High levels of rheumatic fever a worry

University of Otago researcher Dr Simon Horsburgh highlights concerns over high rates of rheumatic fever among some Maori and Pacific communities. Photo by Craig Baxter.
University of Otago researcher Dr Simon Horsburgh highlights concerns over high rates of rheumatic fever among some Maori and Pacific communities. Photo by Craig Baxter.
School-based clinics are helping to counter "quite disgraceful" levels of rheumatic fever in some parts of New Zealand, University of Otago researcher Dr Simon Horsburgh says.

Dr Horsburgh was speaking at Otago University, in Dunedin, on Thursday about research into major health care and medicine access challenges facing people living in rural parts of the Tairawhiti area.

He has been a co-investigator in a major study, led by Prof Pauline Norris, of the Otago School of Pharmacy, some findings from which were released last year.

These showed rural Maori were much less likely to receive antibiotics despite needing them more because of far higher rates of rheumatic fever.

Rheumatic fever starts with a sore throat, but can later cause permanent heart damage. It results in about 180 deaths in this country each year.

Maori in Tairawhiti, where the Otago study was carried out, have extremely high rates of rheumatic fever. Heart damage can be prevented among people in high-risk groups by taking antibiotics for sore throats.

A recent Ministry of Health-funded report said acute rheumatic fever had been "virtually eradicated from most 'developed' countries".

But rates in New Zealand had "failed to decrease since the 1980s and remain some of the highest reported in a developed country," the report said.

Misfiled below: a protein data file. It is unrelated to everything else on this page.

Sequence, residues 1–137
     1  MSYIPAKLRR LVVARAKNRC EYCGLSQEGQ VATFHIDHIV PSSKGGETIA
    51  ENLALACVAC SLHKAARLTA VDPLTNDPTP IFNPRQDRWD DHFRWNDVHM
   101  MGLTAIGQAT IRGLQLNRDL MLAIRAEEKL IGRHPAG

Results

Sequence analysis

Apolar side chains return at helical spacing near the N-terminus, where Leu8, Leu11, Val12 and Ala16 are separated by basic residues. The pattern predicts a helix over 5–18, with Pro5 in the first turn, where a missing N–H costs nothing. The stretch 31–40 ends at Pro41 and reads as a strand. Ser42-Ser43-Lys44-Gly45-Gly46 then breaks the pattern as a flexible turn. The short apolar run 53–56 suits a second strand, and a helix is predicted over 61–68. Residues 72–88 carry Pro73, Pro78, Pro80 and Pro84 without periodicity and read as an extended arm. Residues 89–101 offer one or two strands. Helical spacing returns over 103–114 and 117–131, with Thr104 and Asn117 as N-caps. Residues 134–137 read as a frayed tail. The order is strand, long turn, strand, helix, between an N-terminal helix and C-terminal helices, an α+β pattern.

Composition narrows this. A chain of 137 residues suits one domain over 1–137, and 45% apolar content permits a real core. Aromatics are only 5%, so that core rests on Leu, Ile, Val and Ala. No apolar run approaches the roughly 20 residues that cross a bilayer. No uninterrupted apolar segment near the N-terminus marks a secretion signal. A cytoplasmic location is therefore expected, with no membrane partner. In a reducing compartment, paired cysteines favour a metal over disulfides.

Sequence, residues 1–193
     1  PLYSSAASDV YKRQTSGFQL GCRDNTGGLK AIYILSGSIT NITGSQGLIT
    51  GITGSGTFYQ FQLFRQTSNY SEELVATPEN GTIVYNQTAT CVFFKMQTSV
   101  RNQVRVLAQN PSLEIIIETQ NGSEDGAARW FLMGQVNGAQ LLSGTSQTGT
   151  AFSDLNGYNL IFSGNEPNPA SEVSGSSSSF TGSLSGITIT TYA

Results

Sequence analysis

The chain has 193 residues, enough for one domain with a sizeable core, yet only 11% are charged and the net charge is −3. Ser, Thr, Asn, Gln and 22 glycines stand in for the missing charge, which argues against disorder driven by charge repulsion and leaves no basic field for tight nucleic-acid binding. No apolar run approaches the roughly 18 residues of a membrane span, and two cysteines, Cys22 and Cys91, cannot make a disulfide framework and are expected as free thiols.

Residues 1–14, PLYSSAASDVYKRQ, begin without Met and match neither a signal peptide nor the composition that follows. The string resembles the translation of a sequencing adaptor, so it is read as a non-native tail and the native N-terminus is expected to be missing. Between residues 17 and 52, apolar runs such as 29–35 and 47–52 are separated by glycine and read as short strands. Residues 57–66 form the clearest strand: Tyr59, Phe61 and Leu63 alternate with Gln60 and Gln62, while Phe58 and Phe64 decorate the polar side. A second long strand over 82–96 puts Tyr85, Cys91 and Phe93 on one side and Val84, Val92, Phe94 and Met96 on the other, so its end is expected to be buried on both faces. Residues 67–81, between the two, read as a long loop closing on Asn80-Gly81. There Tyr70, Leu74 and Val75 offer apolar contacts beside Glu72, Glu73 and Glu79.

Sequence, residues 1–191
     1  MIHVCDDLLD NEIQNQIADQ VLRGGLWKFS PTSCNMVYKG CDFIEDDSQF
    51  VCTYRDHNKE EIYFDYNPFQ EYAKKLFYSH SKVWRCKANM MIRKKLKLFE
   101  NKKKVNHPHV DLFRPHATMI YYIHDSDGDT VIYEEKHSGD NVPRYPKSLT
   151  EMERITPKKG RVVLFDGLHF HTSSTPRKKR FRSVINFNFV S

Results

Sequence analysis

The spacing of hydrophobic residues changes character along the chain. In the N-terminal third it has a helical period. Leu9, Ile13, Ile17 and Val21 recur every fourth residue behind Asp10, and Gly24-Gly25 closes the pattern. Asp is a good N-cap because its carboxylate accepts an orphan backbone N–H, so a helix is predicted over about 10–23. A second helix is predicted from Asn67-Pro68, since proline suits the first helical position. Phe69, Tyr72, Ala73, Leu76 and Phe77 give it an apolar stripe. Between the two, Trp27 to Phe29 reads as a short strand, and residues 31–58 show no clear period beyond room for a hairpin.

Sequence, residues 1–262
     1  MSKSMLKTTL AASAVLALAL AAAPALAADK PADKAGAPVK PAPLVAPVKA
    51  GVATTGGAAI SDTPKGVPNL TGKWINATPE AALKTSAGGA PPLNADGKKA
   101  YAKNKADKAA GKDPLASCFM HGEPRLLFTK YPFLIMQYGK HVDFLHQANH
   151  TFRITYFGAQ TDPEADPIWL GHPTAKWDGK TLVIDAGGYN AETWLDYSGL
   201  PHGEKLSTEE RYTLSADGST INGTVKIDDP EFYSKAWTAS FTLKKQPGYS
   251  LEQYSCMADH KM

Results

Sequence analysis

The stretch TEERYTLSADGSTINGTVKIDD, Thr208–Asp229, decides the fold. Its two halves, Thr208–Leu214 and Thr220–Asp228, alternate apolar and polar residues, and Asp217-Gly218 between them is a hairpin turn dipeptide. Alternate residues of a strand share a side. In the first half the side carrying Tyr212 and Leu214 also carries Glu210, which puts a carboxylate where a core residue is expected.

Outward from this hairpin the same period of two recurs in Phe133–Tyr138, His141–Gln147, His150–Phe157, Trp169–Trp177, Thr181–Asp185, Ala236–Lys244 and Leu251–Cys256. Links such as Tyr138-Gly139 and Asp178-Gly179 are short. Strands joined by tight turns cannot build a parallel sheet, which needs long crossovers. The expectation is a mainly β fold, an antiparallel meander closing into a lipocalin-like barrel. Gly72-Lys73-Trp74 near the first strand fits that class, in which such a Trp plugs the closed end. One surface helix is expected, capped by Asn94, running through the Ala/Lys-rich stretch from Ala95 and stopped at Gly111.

Dr Horsburgh, a lecturer in preventive and social medicine, highlighted problems in gaining access to medical care and prescription medicines in remote parts of Tairawhiti, where poverty and challenging roads added to problems.

The Government last year announced that a further $12 million was being provided to boost the national campaign against rheumatic fever, including in Tairawhiti.

Dr Horsburgh this week emphasised that the Otago study had not contributed to that funding boost, but had highlighted the need for more effective help to counter high rates of rheumatic fever.

Rural school clinics were being used to take swabs of children with sore throats, and if Group A streptococcus (GAS) - which could lead to rheumatic fever- was found, antibiotic treatment was given.

It was too early to know what effect the school clinic approach was having in Tairawhiti, but it was encouraging that many cases of GAS were being detected and treated, he said.

Prof Norris said that "access to medicines remains a serious problem for many people, especially in rural areas, and for Maori in particular."